Most of us have heard about graphite necks and graphite bodies. Flea [bassist the Red Hot Chili Peppers] is often seen playing a Modulus with a graphite neck, so is Oteil Burbridge, Stefan Lessard, and many others. [Who bassist] John Entwistle even had a whole bass made from graphite. Some companies use graphite for the body, many use it for the neck, and many more us graphite rods to make wooden necks stronger. Both Status Graphite and Moses Graphite offer replacement graphite necks for your bass, as well as graphite bridges and nuts. Steinberger and Modulus are two household name companies that use graphite to a large extent in their basses. So, what exactly is graphite, and why is it a good material for basses?
As a material, graphite belongs to the large family of ceramics. Other common materials on this family include silica, glass, and diamond. Graphite is a form of carbon with characteristics like high electrical and thermal conductivity, and high thermal shock resistance. More correctly, graphite is a crystalline form of carbon. What this means is that graphite has a layered structure with sheets of close-packed carbon atoms. The look of pure graphite can be compared to wood where the grain in the wood all go in one direction, but remember that in graphite this is all happening on a microscopic scale. Because of this structure, graphite is a brittle material (compare it to the glass plate you eat dinner from every day. It breaks into a million pieces if you drop it on the floor, but try pulling it apart with your bare hands. Bet you can't do it, hehe...) It is especially weak if you shear it along the layers. The led in your pencil is a mixture of graphite and clay, as you know, pencil led wouldn't make a very stable neck for a bass. So why do people insist on using graphite as a bass material? We'll get to that in a minute, but first I'll just mention one of the most important uses for graphite: it is used as fibers in reinforced plastics and composite materials.
A composite material is a material that is made up of two or more other materials that won't dissolve each other when mixed. When put together, a composite material is far stronger than any of it's components. This is where graphite comes in. It is used as a fiber in composite materials. Although graphite is a brittle material, it has a very high strength-to-weight ratio, and also a very high stiffness-to-weight ratio. A composite material is, very simply put, made by two components. The first is the fiber, the other is the matrix. The matrix is some kind of plastic, either a thermoset or a thermoplastic. The matrix is very tough, but not very strong and stiff. If you mix in some fibers (remember, graphite fibers are strong and stiff, but not very tough) you get the best of both worlds. The resulting material is strong, stiff, tough, and very light. The job of the matrix in this composite material is; to support the fibers and transfer stress to them so they can take most of the load; to protect the fibers from physical damage from the environment; and to reduce the propagation of cracks. The fibers are mixed into the matrix when the matrix is heated and has a consitancy like cookie dough. The fibers are stirred into the mix, either as small particles, flakes, or continues strands. When the matrix and fiber mixture is baked in a very hot oven, the whole thing locks together, and the graphite fibers gain strength and stiffness as the temperature rises. After the composite has cooled down again, this added strength and stiffness is locked into the material. Composite materials like this is used for all kinds of things. The aircraft industry and NASA have many uses for it, mountain bike frames are common uses, race car parts, and of course bass necks. The hulls of plastic leisure boats are also made from a composite material, glass fiber. Surfboards are reinforced with composite materials around a foam core, and so are alpine skis. Glass fiber is probably the most commonly known composite material, and it works well to illustrate the concept of mixing fibers with a matrix to gain strength and lightness, as most of us has seen raw glass fiber one time or another. For basses, the composite used is made from strands of graphite mixed into a plastic matrix.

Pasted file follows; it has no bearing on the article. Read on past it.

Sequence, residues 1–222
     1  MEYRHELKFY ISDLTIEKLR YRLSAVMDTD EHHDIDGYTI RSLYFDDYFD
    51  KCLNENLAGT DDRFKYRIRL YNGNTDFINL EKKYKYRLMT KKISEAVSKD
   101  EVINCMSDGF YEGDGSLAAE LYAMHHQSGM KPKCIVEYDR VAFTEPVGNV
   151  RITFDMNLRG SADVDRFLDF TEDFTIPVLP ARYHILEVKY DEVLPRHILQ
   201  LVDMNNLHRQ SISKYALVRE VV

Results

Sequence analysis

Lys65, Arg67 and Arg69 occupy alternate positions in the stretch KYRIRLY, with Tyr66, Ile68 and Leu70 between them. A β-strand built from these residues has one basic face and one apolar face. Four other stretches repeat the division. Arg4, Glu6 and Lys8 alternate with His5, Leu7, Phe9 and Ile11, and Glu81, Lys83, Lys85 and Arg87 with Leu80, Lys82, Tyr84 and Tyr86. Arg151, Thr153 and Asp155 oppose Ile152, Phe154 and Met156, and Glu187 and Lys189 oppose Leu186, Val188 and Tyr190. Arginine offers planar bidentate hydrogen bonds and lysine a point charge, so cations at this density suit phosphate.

So, the term graphite neck is a little misleading. Graphite is only part of the equation when it comes to composite necks. A neck made from pure graphite wouldn't last long if you added the load of 4 chunky bass strings. To recap, the graphite part makes the neck stiff and strong, and the plastic matrix part makes it tough. The resulting composite material gives you a neck that is strong, almost non-reactive to changes in temperature and humidity, and very long lasting. Bass manufacturers usually add a fingerboard of some suitable material, and a few coats of clear finish before the neck is ready. The fingerboards used on composite necks are often made from other composite materials or plastics, and on some rare occasions a high quality wood. If you add a normal rosewood fingerboard to a composite neck, you might have trouble keeping it on. This is because wood is living material. It expands and contracts as the temperature and humidity changes. Composites on the other hand, are dead materials. They stay the same regardless of temperature and humidity. The fact that the wooden fingerboard wants to move, but it can't since it's attached to a dead neck, causes stress in the whole neck and things can end up broken. The advantages of composite material necks are many. The consistency in production is very high, so all the necks from the same production line are the same. The mass is the same all along the neck, and this in turn reduces the chance of dead-spots occurring. They are also extremely resistant to changes in temperature and humidity. Not all composite necks are the same though. The different manufacturers use different materials for the matrix, and probably a different mixture of fibers. The resulting composite is just as good as any other, but has a different sonic character. Because of this, there is a difference in sound between a Moses, a Status and a Modulus neck even though they are all made from a composite containing graphite. So, for your next bass, consider composite materials as well as the more traditional woods. You might find something you like.